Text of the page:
CRL3 GPS Screen
constitutively degrades the oxidative stress response transcription factor Nrf2 (Cullinan et al., 2004
; Kobayashi et al., 2004
). Following oxidative damage, Keap1 is inhibited allowing NRF2 to rapidly accumulate and initiate transcription. CRL3 utilizes Kelch-BTB proteins (Bric-a-Bric, Tamtrack and Broad) as substrate specificity factors (Xu et al., 2003
). To confirm that DN-Cul3 inhibited CRL3, we immunoblotted treated cells for NRF2 (). GPS-NRF2 was stabilized following DN-Cul3 treatment to the same extent as strong oxidative stress induced by TBHQ treatment (tert-Butylhydroquinone; ).
Comparing the PSI for probes from DN-Cul3 treated and control treated samples revealed an R2
value of 0.91. The screen identified the well characterized substrates, NRF2, DAPK1 and DVL1. After ranking probes and inspecting graphs, we identified 188 high priority candidate substrates (Table S5
). We cross-referenced the high priority CRL3 candidates against the probe graphs for the MLN4924-GPS screen and identified 88 proteins that overlap in both screens which we predict will validate at a high rate (70–80% based on the results of our SCF and CRL4 screens; and Table S5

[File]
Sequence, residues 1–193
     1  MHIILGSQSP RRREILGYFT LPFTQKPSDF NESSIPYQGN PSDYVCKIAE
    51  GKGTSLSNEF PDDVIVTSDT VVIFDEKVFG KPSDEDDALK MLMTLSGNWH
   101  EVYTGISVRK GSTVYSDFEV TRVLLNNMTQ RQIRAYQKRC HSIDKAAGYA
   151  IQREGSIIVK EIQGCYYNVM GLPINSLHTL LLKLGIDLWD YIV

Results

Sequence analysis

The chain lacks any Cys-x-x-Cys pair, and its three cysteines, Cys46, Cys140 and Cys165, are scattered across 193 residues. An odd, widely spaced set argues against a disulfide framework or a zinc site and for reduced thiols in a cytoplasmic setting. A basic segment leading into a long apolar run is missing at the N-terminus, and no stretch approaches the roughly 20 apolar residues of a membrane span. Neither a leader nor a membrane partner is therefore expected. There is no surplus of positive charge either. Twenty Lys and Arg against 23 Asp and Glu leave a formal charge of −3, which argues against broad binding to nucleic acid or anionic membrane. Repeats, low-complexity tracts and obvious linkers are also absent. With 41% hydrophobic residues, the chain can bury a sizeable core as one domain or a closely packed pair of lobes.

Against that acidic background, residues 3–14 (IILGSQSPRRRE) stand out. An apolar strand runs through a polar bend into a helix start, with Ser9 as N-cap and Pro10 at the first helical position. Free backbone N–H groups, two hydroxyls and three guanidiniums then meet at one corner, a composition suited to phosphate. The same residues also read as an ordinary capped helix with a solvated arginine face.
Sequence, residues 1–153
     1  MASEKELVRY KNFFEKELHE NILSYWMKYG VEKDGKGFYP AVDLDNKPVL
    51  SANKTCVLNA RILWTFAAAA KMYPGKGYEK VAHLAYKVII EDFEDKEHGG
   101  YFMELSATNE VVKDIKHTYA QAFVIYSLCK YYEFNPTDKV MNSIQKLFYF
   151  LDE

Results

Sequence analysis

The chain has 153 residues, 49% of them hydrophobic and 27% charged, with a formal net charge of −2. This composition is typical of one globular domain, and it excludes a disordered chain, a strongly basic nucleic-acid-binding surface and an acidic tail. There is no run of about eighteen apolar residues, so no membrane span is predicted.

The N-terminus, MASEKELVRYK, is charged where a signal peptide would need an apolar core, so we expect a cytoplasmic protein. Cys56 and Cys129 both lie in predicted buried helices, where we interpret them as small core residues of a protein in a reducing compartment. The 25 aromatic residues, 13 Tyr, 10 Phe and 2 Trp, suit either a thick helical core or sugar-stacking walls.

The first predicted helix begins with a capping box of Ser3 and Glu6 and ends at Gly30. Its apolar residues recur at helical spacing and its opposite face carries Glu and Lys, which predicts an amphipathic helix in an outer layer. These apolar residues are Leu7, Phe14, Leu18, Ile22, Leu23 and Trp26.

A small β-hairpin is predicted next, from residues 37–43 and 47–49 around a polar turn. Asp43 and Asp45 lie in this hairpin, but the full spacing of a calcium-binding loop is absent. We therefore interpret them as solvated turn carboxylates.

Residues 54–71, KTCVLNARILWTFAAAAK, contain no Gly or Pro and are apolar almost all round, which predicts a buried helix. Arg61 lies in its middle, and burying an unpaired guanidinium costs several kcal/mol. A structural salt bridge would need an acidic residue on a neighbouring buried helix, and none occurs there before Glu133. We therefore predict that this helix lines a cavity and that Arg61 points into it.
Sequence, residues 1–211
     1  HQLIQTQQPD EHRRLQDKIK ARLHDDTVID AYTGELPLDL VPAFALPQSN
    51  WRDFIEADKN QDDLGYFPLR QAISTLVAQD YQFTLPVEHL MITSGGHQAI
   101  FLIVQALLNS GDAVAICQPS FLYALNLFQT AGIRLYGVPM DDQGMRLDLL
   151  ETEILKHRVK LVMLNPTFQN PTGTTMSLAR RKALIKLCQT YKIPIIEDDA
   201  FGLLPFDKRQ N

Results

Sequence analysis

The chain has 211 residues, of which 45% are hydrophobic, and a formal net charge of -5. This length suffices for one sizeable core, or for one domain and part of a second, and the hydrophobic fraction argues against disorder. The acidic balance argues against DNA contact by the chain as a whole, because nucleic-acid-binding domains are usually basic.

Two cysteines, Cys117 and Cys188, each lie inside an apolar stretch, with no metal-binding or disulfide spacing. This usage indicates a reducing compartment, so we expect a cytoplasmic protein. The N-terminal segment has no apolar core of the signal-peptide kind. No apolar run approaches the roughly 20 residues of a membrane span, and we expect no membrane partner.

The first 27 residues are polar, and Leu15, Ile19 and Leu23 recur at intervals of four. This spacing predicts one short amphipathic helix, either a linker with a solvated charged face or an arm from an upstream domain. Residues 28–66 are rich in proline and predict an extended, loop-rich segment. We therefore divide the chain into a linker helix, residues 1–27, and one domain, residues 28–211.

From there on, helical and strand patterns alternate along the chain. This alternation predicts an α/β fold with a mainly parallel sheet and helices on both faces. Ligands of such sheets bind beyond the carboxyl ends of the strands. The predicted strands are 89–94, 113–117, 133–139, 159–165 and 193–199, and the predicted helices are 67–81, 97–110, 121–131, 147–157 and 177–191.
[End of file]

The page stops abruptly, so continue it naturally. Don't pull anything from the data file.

). This list is enriched for proteins containing the BTB-Kelch fold found in CRL3 specificity factors (). Based on our analysis and validation of the CRL4 and SCF (below) screens and the identification of numerous substrate specificity factors as well as known substrates, we predict that this overlapping list contains many CRL3 substrates.
SCF GPS Screen
We previously applied the first generation GPS system to the identification of SCF substrates utilizing DN-Cul1 to inhibit ligase activity (SCF-GPS.1) (Yen and Elledge, 2008
). We used the second generation GPS library, with conditions optimized from our first screen, to identify additional substrates (SCF-GPS.2). The 293T–GPS library was treated with either a lentivirus expressing DN-Cul1 or empty vector. Comparison of the PSI for all probes between the two conditions yielded an R2
value of 0.95. Validation was performed by individually retesting ORFs under the conditions of the screen and yielded a validation rate of approximately 59% (80 out of 139 high priority candidates tested; Table S6
). This was an improvement over SCF-GPS.1 which had a 47% validation rate. In addition, all of the SCF-GPS.1 validated proteins that were individually tested in the second generation lentiviral GPS-LP vector recapitulated stabilization in response to DN-Cul1. Performing this screen with the updated pGPS-LP library validated 67 additional putative SCF substrates not recovered in our original screen (Table S6
), such as TRIM9, BZW1, ZNF238, HFM1, MICALL2 and SH3BP5L. TRIM9 interacts with the F-box protein β-TRCP by yeast-two hybrid (Rual et al., 2005
) and contains the β-TRCP degron sequence (DSGxxS), strongly suggesting that it is controlled by SCFβ-TRCP
Validated proteins that overlap between the MLN4924 and SCF GPS screens are shown in . Proteins scoring in both SCF and MLN4924 screens validated at a rate of ~81% (Table S6